One of my jobs is pitching shows. Most of them don’t get picked up. Soon you will understand why.
It’s Pitch Of The cockmangling Week.
This week’s pitch:
Orson Scott Card Games
Game show featuring the reanimated corpse of acclaimed writer Orson Scott Card, playing various single-player card games in a dimly lit room. In complete silence.
“Isn’t Orson Scott Card still alive?”
“He is? Well that decreases the budget substantially – most of the development costs in the budget were going to be spent on r&d on the technology to bring the dead back to life.”
“Do you think that’s a suitable way to spend our money?”
“I think it’s a pretty good way to spend anyone’s money. Definitely better than the panda I bought with the last development advance you gave me –”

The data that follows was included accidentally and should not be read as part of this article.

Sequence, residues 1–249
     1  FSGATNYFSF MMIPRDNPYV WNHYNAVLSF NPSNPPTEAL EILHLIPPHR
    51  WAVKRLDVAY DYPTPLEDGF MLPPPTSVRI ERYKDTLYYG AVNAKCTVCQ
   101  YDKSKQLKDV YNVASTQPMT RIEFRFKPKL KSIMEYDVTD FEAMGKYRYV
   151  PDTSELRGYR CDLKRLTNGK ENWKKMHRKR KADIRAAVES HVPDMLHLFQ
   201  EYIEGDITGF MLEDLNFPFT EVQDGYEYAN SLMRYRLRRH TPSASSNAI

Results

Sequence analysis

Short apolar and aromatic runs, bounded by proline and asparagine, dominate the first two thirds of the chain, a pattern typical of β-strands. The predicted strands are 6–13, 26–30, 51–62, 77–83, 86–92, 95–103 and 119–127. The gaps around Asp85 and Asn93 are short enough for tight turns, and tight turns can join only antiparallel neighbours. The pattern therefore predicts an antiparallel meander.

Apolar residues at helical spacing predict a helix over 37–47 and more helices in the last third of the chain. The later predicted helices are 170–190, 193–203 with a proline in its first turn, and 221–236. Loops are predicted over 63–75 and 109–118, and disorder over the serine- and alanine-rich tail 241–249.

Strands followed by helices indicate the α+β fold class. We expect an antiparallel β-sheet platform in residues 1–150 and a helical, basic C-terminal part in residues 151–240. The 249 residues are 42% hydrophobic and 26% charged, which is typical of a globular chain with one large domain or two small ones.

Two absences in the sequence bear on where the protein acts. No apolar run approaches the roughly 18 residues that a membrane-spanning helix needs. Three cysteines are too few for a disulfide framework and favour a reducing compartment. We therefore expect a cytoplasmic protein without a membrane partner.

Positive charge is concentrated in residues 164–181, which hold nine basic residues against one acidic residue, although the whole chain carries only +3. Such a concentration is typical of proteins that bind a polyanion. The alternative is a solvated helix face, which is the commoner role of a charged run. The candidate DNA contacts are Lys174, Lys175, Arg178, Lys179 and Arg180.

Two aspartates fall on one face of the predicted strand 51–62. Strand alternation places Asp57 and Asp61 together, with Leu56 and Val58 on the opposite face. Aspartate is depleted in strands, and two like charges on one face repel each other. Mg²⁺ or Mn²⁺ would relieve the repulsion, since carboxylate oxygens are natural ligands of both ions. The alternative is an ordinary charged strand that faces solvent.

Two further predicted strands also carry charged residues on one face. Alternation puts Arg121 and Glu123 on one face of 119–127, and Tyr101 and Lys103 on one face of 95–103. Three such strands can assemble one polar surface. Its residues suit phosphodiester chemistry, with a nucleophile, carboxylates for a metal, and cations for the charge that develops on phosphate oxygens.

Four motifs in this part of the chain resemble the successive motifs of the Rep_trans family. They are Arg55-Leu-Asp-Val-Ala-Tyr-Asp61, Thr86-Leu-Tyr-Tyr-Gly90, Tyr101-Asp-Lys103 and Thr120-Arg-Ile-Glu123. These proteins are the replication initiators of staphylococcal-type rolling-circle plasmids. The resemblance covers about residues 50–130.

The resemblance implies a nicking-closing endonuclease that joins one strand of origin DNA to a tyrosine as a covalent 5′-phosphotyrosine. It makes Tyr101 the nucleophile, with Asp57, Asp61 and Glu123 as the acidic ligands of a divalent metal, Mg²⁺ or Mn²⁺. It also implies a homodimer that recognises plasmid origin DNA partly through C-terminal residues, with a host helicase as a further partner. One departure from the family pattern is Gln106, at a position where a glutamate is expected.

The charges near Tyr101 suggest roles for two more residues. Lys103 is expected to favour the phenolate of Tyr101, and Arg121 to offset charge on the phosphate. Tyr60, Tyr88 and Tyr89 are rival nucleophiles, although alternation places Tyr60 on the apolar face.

“– You bought a what?”
“For what show?”
“The show where you wanted to set up webcams in the cages of a zoo, put them on ChatRoulette and broadcast the reactions of the naked masturbating men?”
“That’s the one.”
“It was set in a zoo Why did you need your own panda?”
“Sometimes a man just needs a panda… And needs nobody to ask questions why he needs a panda.”
“We haven’t even got to the part about watching a 60 year old man play cards by himself.”
“It keeps the budget low – even more so now that we don’t have to bring him back to life. Plus the audiences will be massive, first our of curiosity, and then out of astonishment that you actually paid to produce the show!”
“That’s not the point! How is this entertaining?”
“Is it too high brow for you? I could pitch you something else.. How about ‘Farts: The Animated Series‘, or ‘Watching Paint Dry 2: Dry Harder‘.”
Next week I pitch Walmart: The High Cost Of Low Prices: The Series, which runs for 24 hours, 7 days a week, consisting of nothing but an ever-increasing number Walmart’s profits for the financial year.